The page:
I've been lucky in that other lecturers in the department where I've worked on a part-time basis for the past two years have been very supportive in terms of offering me advice and support as I search for a job. Despite all the horror stories of departmental politics and infighting that many of us are familiar with I've found that other lecturers will go out of their way to help budding academics. It is important, if possible, to find some part-time teaching and lecturing work while you study. Personally, I was very cautious about the kind and amount of work I took on, but that work can pay important dividends after completion not just in terms of your CV but, more importantly, in terms of already being a small part of a school or department making not only references, but, with a bit of luck, additional work easier to come by. At the very least you'll know if you could ever work on a full-time basis in a particular department with specific people.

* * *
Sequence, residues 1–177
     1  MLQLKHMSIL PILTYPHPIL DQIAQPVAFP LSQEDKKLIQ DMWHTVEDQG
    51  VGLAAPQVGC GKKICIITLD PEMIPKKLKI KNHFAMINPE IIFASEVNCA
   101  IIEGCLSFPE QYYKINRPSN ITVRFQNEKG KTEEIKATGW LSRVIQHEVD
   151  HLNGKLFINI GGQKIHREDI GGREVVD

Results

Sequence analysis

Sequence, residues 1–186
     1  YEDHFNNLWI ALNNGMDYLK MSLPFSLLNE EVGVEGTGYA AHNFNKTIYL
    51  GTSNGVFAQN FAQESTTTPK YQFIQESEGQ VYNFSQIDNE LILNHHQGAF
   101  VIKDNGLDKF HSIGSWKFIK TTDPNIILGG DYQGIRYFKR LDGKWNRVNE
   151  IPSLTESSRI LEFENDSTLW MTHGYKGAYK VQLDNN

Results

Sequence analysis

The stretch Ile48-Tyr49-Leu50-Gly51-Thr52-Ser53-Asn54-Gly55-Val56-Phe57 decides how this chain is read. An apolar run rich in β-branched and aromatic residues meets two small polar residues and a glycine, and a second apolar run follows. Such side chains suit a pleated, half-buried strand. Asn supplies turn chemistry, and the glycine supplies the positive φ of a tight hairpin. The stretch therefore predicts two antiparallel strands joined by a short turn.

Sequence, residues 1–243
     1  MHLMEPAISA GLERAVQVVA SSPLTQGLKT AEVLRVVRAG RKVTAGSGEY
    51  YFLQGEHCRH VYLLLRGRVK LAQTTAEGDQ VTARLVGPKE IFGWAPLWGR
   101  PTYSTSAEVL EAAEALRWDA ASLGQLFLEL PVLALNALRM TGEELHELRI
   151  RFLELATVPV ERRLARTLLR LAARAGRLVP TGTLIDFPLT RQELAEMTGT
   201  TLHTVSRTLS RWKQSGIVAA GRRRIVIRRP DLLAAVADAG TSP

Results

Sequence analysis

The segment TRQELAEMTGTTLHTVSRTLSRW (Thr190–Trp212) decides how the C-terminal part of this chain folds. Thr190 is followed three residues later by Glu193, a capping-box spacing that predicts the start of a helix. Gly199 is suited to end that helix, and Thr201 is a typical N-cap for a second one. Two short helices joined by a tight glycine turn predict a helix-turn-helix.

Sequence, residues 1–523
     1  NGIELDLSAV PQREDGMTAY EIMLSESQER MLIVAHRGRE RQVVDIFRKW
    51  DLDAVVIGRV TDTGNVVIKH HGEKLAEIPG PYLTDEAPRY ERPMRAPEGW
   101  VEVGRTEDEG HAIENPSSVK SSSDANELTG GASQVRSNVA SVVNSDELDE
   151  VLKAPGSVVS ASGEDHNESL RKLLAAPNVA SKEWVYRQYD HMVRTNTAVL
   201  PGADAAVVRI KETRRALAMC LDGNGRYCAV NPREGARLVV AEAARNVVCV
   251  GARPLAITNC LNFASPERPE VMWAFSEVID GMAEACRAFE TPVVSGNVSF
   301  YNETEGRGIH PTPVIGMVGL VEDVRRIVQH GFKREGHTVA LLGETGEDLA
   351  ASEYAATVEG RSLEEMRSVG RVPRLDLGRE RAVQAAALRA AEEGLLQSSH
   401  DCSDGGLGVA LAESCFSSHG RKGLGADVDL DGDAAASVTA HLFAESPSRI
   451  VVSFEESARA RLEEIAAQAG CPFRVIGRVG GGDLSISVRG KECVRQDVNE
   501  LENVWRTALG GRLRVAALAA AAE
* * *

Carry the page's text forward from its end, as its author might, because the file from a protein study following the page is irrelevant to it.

Working while you study also provides a small taste of just what life can be like as an academic. The impossibility of finding a satisfactory balance between research and teaching never, as far as I can tell, disappears. For a long time I wondered if I would ever reach the point where I could make sufficient progress with my research while also writing lectures and preparing for seminars. When a full professor told me that after decades as an academic with an international reputation as an important critic and fantastic teacher she cannot teach and maintain a full research schedule I worried a bit less about my own frantic oscillations between teaching and researching.